This Week in Giants Baseball History

It's spring on the baseball calendar, and on the nature calendar this means a season of birth. Thus you will find some former Giants' birthdays below, as well as the usual transactions and ephemera.

March 5
Stanford Platooner: Former Cardinal and San Francisco Giants platoon outfielder Jeffrey Hammonds was born on this date in 1971, in Plainfield, NJ.  The career .272 hitter spent parts of two seasons as a Giant during 2003-04.

March 6
Goodbye, Jerry: This date in 1973 marked the end of Jerry Johnson's run as closer for the Giants, as he was selected off waivers by the Cleveland Indians.  Johnson had a career year with San Francisco in 1971, when he won 12 games, saved 18 more, and finished sixth in the NL Cy Young voting.

March 7
A Giant to Close out His Career: He was a Giant for only the final 41 games of the 1998 season, but Joe Carter was a class act throughout his 16-year career.  He was born on this date in 1960, in Oklahoma City, OK, and will be best remembered for that walk-off home run off of Philadelphia Phillies reliever Mitch "Wild Thing" Williams to win the 1993 World Series for the Toronto Blue Jays.

March 8
Back When the Giants Swung for the Grapefruits: He wasn't with the Giants for very long during his Hall of Fame career, but Rogers Hornsby made his Giants debut in a spring training game on this date in 1927.  New York beat the St. Louis Browns 13-1 in Florida.

March 9
Thrice a Giant: Former Giants first-round pick Terry Mulholland was born on this date back in 1963, in Uniontown, PA.  He was a Giant during 1986-89, 1995, and briefly again in 1997.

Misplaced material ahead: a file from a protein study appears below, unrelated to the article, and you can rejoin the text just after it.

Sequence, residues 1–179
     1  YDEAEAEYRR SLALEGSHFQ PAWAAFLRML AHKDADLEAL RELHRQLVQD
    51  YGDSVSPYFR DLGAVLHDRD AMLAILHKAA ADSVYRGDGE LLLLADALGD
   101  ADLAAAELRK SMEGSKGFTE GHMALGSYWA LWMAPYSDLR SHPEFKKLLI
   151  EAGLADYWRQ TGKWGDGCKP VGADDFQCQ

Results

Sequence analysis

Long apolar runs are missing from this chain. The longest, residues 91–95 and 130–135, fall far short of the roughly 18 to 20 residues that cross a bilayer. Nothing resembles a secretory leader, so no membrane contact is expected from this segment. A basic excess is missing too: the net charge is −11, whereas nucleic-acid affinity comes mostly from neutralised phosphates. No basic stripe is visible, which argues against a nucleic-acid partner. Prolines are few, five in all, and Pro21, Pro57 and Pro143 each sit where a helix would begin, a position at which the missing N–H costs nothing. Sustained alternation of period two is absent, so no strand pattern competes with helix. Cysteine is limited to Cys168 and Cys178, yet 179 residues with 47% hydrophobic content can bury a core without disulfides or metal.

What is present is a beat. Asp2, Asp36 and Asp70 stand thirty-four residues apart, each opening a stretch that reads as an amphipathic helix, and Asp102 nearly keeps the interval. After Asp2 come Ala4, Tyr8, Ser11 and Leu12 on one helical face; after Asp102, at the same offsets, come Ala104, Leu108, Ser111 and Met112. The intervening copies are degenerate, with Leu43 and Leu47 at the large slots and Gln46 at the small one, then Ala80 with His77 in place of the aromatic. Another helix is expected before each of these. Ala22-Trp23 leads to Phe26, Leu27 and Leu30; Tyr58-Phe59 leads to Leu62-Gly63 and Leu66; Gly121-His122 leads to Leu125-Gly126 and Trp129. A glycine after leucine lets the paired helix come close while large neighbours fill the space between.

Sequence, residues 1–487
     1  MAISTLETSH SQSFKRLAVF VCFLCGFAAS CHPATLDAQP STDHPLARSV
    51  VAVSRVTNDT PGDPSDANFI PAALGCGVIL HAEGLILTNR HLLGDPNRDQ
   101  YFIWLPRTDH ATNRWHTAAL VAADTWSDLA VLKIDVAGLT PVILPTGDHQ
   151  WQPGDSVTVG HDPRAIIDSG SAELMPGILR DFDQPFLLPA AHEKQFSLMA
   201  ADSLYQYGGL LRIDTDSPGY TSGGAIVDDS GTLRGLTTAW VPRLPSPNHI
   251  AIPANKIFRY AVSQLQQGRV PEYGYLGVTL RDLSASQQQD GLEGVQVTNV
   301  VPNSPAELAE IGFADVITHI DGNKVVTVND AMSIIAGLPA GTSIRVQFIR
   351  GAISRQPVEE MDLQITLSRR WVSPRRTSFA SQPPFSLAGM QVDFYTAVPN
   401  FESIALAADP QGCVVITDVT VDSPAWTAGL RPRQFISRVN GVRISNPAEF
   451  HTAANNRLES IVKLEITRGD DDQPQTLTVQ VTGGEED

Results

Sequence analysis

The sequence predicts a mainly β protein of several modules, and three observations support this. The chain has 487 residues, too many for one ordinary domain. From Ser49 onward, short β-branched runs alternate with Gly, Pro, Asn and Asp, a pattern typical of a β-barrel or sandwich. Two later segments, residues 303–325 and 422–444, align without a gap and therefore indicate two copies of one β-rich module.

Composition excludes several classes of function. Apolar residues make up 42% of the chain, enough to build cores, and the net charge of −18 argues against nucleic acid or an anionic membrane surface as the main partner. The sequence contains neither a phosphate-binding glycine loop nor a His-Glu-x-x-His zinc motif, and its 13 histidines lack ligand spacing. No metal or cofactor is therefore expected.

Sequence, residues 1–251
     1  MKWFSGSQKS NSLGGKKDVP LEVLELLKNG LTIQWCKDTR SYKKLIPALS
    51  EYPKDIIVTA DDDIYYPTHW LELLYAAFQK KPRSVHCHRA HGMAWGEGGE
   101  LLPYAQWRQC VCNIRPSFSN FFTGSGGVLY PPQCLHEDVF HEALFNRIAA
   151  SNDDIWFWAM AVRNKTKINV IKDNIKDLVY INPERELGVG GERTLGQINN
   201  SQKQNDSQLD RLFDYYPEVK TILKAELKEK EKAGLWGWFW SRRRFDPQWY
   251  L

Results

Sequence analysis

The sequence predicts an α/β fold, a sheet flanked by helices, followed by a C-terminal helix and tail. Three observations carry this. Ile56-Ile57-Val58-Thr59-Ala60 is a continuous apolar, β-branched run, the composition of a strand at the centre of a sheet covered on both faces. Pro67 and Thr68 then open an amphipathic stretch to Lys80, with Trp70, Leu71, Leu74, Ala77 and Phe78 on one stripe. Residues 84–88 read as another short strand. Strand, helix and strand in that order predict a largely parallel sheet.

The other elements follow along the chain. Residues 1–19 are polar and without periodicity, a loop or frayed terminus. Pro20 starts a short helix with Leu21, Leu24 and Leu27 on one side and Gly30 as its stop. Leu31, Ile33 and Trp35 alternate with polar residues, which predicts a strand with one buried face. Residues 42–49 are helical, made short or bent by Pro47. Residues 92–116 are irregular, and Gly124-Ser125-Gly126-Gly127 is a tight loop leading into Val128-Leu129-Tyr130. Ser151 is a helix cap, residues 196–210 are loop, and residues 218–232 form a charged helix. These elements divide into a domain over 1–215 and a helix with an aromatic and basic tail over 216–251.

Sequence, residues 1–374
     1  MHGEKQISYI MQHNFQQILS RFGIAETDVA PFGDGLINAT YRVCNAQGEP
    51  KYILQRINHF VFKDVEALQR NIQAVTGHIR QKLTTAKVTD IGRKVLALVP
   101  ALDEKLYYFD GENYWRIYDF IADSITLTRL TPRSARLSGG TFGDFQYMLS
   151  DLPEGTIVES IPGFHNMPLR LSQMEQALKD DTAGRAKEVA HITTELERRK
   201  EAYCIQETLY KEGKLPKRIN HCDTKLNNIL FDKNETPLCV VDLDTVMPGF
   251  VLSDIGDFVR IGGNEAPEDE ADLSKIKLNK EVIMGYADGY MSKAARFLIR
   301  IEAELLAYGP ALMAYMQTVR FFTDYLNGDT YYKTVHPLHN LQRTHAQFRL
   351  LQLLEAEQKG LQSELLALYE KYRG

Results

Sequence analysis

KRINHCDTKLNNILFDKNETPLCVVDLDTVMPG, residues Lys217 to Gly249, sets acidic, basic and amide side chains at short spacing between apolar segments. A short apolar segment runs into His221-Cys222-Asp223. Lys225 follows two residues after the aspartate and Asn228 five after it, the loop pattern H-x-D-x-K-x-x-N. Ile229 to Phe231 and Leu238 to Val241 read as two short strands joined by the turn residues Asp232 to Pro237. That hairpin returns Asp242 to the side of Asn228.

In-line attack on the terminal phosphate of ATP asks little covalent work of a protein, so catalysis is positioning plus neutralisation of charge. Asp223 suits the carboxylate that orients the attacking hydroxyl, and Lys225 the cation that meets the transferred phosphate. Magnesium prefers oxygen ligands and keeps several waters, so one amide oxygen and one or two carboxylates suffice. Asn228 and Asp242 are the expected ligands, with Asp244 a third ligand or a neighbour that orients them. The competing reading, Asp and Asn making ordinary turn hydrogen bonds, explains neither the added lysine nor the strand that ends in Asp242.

March 10
Paved the Way for Renel: On this date in 1993, the San Francisco Giants announced the hire of Sherry Davis, the first female public address announcer in Major League Baseball.  Davis would see the end of the Candlestick era, but was replaced by current P.A. Renel Brooks-Moon when the club moved into Pac Bell Park in 2000.

March 11
More Goat than King: Former Giant Salomon Torres was born on this date back in 1972, in San Pedro de Macoris, Dominican Republic.  The current Pittsburgh Pirate is probably best known in these parts for that fateful final game of the season in 1993, a 12-1 loss in Los Angeles with the playoffs hanging in the balance.  Poor kid; glad to see he's back on his feet with the Bucs.


Don Shin eats, breathes, thinks, and bleeds in Orange and Black. Pac Bell Park officially opened on his 25th birthday (the one year he decided to move out of the Bay Area!!!). For the 2000 playoff drive, he dyed his hair orange while studying in Korea. He watched Game 6 of the '02 World Series at a restaurant in LA, and couldn't finish his meal afterwards. Feel free to write him at to commiserate, cheer, and complain.

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